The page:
Tax Increment Finance (“TIF”) has been much in the news recently and, albeit delayed, may well be a way forward for UK regeneration projects that need a little help to make them happen. The potential of TIF to assist is clearly shown by the experience in the United States where it has served as a tool to address funding for redevelopment activities for 60 years. All but one of the 50 states has enacted enabling legislation permitting the use of TIF. As federal moneys to support redevelopment decreased, states and local government turned to the TIF model to invest in infrastructure and to pay the related costs by capturing the increase in property and other tax revenues generated by the improvements.


TIF is used to accomplish a range of public purposes such as elimination of blight, the construction and repair of infrastructure and environmental remediation. In the United States, blight is an important element to the use of TIF. Blight typically means that there are structures in significant disrepair, inadequate street layouts, unsanitary or unsafe conditions or public realm, inadequate public facilities and often environmental contamination. The TIF model may also be used to encourage development by financing basic public infrastructure, including public streets, water and wastewater facilities, car park facilities, storm and sanitary sewer systems and parks and green spaces. TIF usually represents “gap funding” for the private sector, particularly for “brownfield” projects throughout the United States.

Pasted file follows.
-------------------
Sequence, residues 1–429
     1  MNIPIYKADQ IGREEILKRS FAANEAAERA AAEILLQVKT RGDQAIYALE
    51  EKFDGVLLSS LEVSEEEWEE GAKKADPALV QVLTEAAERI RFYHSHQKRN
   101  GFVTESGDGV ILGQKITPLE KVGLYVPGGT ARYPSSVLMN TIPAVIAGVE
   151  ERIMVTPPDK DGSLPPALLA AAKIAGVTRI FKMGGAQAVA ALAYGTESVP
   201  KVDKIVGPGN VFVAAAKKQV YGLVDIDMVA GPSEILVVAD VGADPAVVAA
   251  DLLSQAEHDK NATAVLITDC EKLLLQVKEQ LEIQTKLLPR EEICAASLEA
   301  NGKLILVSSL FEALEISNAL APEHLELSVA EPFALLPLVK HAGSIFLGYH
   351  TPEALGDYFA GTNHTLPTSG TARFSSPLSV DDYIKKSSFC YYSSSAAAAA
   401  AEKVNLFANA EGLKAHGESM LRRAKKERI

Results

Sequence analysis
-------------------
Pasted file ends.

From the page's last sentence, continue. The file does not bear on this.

Redevelopment Plan and TIF District The TIF model generally includes a standard set of tasks. At the outset, the sponsoring state or local government engages in extensive discussions with the private developer proposing a TIF-supported financing arrangement as a part of the preparation of a redevelopment plan. Because most states prohibit direct aid to private businesses, virtually all TIF-enabling legislation requires a finding of public purpose by the governmental entity that “but for” the TIF assistance the private development and financing within the TIF district would not occur. The redevelopment plan also indentifies the tax revenues that will be included in the TIF. The TIF generally comprises the revenue generated by the real estate taxes attributable to the increase in assessed value within the TIF district following the approval of the redevelopment plan. If sales tax revenues are also committed, the increase in such revenues above the base amount is added to the TIF stream. Other innovative revenue streams, such as “public improvement fees”, may also be incorporated in the financing model. By capturing these incremental revenues, the government entity is able to apply moneys generated by the redevelopment to pay the public costs of the redevelopment.